Leasehold reforms: Ground rent caps set at £250, phased out over 20 Years

Michael Gove’s plans to abolish leasehold have been scaled back, with a compromise reached to cap ground rents at £250 annually.

Despite Treasury resistance, Rishi Sunak overruled objections, signalling a partial victory for Gove. The decision, expected to be announced imminently, aims to alleviate the burden on leaseholders, who have long been trapped by escalating ground rents.

However, the phased approach to phasing out ground rents over two decades may still leave some feeling short-changed. Yet, Downing Street asserts that this move aligns with the Conservative manifesto’s commitment to reduce ground rents to a nominal rate, even if the timeline has been elongated.

This compromise is set to be integrated into the Leasehold and Freehold Reform Bill currently under parliamentary scrutiny. Commenting on the imminent amendment, Mark Chick – Partner, Bishop & Sewell LLP and a director of ALEP (Association of Leasehold Enfranchisement Practitioners) said that some will say that this proposal does “not go far enough” and that Government “should be aiming for a complete ban on ground rents”. He added:

“However, it seems very clear that the human rights considerations have been taken into account in coming to this proposal – and the realisation that a complete ban would more likely than not to lead to significant compensation claims having to be paid. The government no doubt wants to avoid having to pay a reported £27.3 billion to compensate freeholders for lost assets.

It may well be that some will consider that £250 is perhaps an unfair figure when applied across the board – and that it does not reflect relative values whereas perhaps a 0.1% (or other percentage) cap relative to value might. If the cap at £250 is right, one can only assume that government has been swayed by the suggestion that resolving disputes about the fraction of value might cause cost and delay.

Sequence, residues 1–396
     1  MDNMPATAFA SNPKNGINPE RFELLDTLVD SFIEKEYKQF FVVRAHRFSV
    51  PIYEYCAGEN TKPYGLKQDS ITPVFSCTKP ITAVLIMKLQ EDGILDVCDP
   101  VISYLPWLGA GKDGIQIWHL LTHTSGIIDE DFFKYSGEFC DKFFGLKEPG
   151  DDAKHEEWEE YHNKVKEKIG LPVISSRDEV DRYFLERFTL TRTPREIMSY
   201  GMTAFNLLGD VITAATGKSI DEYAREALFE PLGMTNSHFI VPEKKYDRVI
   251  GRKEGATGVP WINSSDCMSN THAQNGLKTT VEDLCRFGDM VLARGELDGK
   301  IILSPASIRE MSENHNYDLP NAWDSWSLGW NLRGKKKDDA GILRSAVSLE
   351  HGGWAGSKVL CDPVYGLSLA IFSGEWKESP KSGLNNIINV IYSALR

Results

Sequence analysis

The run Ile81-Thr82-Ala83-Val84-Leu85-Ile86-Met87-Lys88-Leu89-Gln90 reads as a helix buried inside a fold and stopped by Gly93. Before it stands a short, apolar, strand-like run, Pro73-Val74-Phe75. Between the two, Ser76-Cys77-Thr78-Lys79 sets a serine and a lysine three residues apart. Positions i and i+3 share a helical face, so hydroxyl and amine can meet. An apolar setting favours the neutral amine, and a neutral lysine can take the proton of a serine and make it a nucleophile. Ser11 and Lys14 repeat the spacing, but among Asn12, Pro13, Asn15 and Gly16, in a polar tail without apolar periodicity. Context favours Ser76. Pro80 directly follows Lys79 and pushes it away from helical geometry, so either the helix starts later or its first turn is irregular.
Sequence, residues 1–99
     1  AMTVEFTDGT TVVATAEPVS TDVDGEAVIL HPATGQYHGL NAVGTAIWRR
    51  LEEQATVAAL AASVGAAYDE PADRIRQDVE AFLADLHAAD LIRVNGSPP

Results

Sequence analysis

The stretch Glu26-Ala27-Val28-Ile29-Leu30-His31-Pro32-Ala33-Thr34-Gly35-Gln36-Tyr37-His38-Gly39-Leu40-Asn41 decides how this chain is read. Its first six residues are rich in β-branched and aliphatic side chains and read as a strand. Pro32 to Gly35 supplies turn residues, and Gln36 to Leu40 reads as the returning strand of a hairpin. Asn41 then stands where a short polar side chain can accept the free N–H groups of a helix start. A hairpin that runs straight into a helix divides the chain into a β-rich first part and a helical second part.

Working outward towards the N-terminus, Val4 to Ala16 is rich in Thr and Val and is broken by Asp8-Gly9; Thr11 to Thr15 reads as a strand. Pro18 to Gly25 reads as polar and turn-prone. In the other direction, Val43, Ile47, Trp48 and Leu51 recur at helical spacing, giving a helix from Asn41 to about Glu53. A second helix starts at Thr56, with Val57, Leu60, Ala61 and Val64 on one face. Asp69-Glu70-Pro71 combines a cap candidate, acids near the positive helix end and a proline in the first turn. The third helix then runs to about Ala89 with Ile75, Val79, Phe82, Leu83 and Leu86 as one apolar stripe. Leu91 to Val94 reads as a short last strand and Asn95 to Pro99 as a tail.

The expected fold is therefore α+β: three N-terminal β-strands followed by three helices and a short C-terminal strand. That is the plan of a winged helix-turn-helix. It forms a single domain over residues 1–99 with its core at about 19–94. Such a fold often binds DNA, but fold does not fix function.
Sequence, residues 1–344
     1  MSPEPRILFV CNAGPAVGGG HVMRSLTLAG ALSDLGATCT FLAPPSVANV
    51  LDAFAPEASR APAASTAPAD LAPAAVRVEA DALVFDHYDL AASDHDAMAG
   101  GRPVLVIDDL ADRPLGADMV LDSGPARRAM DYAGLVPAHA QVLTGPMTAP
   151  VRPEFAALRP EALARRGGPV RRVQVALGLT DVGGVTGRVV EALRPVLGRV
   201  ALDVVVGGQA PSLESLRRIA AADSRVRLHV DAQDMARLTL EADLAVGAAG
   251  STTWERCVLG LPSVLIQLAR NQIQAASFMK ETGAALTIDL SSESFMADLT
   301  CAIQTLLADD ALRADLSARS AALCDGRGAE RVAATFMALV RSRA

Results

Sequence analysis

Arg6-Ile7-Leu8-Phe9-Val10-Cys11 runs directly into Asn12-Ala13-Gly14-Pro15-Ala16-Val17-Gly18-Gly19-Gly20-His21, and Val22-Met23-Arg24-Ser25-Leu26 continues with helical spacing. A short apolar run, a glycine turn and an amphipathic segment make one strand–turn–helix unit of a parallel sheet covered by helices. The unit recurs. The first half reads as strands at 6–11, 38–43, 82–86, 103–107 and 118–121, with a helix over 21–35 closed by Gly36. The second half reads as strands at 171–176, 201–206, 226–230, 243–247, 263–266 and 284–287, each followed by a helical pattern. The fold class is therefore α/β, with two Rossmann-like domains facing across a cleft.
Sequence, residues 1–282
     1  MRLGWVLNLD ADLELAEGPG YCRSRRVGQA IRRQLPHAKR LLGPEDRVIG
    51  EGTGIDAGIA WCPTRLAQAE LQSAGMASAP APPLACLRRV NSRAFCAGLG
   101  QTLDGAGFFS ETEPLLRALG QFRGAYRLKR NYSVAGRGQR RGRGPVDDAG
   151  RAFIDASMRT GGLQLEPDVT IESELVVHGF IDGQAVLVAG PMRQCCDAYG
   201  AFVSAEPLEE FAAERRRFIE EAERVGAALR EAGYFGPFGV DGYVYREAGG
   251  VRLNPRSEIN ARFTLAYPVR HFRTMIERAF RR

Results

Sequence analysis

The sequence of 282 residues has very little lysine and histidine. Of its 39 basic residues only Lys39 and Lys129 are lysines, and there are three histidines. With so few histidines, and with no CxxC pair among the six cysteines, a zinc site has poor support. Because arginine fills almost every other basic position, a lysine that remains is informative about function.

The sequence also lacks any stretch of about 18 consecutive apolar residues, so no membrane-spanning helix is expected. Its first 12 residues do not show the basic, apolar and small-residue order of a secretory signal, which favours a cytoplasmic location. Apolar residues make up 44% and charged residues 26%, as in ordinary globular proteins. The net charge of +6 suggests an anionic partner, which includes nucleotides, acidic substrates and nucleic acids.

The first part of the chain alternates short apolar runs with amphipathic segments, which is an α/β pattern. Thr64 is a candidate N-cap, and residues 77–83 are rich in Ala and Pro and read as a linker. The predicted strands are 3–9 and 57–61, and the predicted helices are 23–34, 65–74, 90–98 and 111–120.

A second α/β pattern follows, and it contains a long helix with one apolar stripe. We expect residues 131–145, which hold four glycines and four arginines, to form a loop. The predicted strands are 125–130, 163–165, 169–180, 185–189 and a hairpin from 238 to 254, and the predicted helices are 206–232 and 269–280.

However, for freeholders this is perhaps better news than an outright ban. I wonder whether there will be any differential between central London and elsewhere? Also the Sunday Times article suggests that there will be a phasing out over time. How long will this be? Will there be a reduction down to zero? Either would  have a significant impact on the long-term value of freeholds. Government has clearly undertaken a balancing act between the human rights considerations of ‘deprivation’ and ‘control’ of property in seeking to find a balanced solution. We will have to wait for the formal outcome of the consultation to know what the true position is.”

What’s more, Propertymark is pleased to see the amended proposals incorporate additional standpoints such as a continued review regarding the implementation of tenancy measures, along with aspects such as a firm commitment to undertake and publish an annual parliamentary update regarding the health of the private rented sector to better understand issues and plan for future provision.

Propertymark continue to promote the concept that agents must be expected by law to be fully qualified and operate within a framework that brings industry wide levels of protection for consumers. Timothy Douglas, Head of Policy and Campaigns at Propertymark, commented:

“Throughout the passage of the Bill, Propertymark has worked hard to highlight the importance of retaining fixed-term tenancies and the need for improvements to the court system if the abolition of Section 21 is to work. Whilst these amendments show that Ministers have listened to our concerns there are still areas that need further clarity.